Pair of Twin Figures, ere ibeji
Yoruba people, Nigeria
Wood; male: 9 1/4 x 2 15/16 x 2 3/4 inches (23.5 x 7.5 x 7 cm),
female: 9 1/8 x 2 15/16 x 2 9/16 inches (23.25 x 7.5 x 6.5 cm)
Collection of Allen and Barbara Davis
Yoruba peoples living in southwestern Nigeria have among the highest incidences of twin births in the world (45/1000 births). As a result, twins are regarded as extraordinary beings who are protected by the powerful orisa Sango, the deity of thunder. They are often called “children of thunder.” The birth of twins is an occasion to celebrate, but it is also cause for concern because twins have powers to bring benefits to those who honor them properly and misfortune to those who neglect or offend them.
Twins are more fragile at birth than single births, and frequently one or both may die. Powerful spirits in life or death, a twin or a pair of twins who die are honored with carved memorial figures known as ere ibeji. If a twin or a pair of twins dies, the parents will often consult an Ifa divination priest, who may indicate that an ere ibeji or a pair of twin figures must be carved of the same gender as the twin or twins who died.
During the period that the figure is being carved, the mother sends gifts of food to the artist, and will present additional gifts when the carving is completed. When the figure is completed, the carver carries out a series of rituals to ready the figure to receive the spirit of the deceased twin. The mother then carries the ere ibeji home on her back, as if it were a living child, and women greet her along the way singing songs of praise for twins.
At home, the ere ibeji is placed on a small shrine in the mother’s sleeping room, its face is washed, and it is dressed in rich garments and beads. The figure may be fed the favorite foods of twins, beans and palm oil. The body is rubbed with red camwood powder mixed with oil and the hair with dark indigo dye. It may be put to bed at night with a blanket to keep it warm in the cold season. If cared and tended, the spirit of the deceased infant may bring its parents wealth and good luck.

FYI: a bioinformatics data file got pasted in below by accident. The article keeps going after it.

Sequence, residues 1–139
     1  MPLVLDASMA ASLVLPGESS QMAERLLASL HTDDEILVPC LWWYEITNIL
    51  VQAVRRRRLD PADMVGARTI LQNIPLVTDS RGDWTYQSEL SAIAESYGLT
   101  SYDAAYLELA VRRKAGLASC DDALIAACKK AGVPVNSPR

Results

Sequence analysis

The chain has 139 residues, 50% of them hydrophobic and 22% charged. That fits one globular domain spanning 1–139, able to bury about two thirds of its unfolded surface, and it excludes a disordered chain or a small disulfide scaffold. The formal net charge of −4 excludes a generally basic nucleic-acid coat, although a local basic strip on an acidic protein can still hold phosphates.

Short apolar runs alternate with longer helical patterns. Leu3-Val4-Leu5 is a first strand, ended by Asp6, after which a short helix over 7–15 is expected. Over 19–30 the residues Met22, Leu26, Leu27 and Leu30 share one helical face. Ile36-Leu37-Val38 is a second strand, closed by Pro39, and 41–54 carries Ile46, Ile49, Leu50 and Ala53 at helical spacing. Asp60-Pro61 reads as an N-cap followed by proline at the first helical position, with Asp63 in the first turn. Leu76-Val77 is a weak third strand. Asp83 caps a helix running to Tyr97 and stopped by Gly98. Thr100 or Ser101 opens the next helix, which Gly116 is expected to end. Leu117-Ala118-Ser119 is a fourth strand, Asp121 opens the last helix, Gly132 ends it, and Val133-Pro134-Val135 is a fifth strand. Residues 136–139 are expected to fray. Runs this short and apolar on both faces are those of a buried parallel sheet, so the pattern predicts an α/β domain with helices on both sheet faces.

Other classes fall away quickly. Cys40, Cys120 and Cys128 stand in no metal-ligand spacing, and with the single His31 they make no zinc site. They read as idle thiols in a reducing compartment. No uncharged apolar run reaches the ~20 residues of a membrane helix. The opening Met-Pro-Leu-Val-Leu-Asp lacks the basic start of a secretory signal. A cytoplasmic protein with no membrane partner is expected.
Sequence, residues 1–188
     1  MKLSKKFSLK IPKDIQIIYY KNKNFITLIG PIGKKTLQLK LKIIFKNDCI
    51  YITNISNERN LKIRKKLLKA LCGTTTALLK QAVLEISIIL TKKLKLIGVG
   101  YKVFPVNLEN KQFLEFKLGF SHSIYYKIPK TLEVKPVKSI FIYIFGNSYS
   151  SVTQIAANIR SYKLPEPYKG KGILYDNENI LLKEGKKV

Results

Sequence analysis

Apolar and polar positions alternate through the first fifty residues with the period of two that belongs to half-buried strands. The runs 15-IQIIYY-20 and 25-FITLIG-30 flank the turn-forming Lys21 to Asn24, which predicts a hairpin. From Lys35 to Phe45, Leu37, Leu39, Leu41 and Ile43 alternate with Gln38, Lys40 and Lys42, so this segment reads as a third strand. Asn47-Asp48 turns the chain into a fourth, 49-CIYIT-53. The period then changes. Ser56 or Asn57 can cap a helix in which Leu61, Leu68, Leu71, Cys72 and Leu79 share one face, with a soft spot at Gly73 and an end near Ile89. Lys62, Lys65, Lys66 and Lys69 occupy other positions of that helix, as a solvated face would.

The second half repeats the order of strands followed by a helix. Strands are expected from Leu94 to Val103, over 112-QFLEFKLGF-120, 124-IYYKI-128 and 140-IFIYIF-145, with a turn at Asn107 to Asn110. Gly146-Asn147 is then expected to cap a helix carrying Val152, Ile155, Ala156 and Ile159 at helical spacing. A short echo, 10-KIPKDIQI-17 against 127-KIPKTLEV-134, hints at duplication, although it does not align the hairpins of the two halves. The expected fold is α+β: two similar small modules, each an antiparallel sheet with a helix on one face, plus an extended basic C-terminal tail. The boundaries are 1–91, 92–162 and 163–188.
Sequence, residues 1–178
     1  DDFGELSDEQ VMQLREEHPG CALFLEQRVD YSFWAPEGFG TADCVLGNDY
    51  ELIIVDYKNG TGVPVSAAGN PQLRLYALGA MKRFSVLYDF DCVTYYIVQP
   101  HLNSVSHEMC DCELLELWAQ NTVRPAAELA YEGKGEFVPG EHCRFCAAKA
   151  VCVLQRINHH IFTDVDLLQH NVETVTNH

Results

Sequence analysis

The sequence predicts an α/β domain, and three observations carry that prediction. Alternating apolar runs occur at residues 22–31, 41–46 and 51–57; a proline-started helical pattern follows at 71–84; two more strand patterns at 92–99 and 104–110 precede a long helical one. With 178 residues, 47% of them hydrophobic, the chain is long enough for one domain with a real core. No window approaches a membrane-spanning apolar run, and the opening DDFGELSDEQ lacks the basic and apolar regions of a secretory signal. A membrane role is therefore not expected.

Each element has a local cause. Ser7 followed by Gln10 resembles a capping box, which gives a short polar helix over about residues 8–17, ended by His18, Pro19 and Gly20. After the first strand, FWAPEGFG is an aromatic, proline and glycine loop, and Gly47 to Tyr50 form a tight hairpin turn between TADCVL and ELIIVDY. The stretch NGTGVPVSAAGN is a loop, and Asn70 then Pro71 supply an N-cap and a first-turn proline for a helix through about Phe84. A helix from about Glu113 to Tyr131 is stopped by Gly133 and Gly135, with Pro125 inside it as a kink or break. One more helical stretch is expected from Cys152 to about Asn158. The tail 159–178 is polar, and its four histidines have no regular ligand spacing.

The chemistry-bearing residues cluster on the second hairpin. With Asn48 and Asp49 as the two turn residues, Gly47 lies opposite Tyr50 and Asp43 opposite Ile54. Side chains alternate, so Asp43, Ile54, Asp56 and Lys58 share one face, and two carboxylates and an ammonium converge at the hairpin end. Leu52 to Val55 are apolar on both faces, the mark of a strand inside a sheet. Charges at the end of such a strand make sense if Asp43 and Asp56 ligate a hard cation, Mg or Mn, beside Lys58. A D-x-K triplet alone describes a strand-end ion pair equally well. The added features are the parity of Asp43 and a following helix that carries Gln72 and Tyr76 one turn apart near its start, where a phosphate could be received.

It is noteworthy that all the ere ibeje figures are depicted as adults in the prime of their lives. The breasts of the female figure in this pair are full, and the genitals of the male figures are prominently displayed. They stand erect, and their heads constitute a third of the carving and are adorned with elaborate coiffures. The faces are serene and convey a sense of composure and inner strength.
When the mother of twins dies, the figure or figures may be placed in a shrine for Sango, or a surviving twin may take over the care the ere ibeji of his or her deceased sibling, continuing to care for it until his or her own death. In some families the descendants may choose to sell the figure or figures to local art dealers. These carvings then find their way into the international African art market.
Cameron, Elizabeth. 1996. Isn’t S/he a Doll: Play and Ritual in African Sculpture. Los Angeles: Fowler Museum of Cultural History, University of California, Los Angeles.
Drewal, Henry John, and John Pemberton III with Rowland Abiodun. 1989. Yoruba: Nine Centuries of African Art and Thought. Edited by Allen Wardwell. New York: Center for African Art in association with Harry N. Abrams.
Houlberg, Marilyn, “Ibeji Images of the Yoruba.” 1973. African Arts 7 (1): 20–27, 91–92.
Lawal, Babatunde. 2011. “Sustaining the Oneness in Their Twoness: Poetics of Twin Figures (Ère Ìbejì) among the Yoruba.” In Twins in Africa and Diaspora Cultures: Double Trouble, Twice Blessed, edited by Philip M. Peek, 81–98. Bloomington: Indiana University Press.
Thompson, Robert Farris. 1971. “Sons of Thunder: Twin Images among The Oyo and Other Yoruba Groups.” African Arts 4 (3): 8–13, 77–80.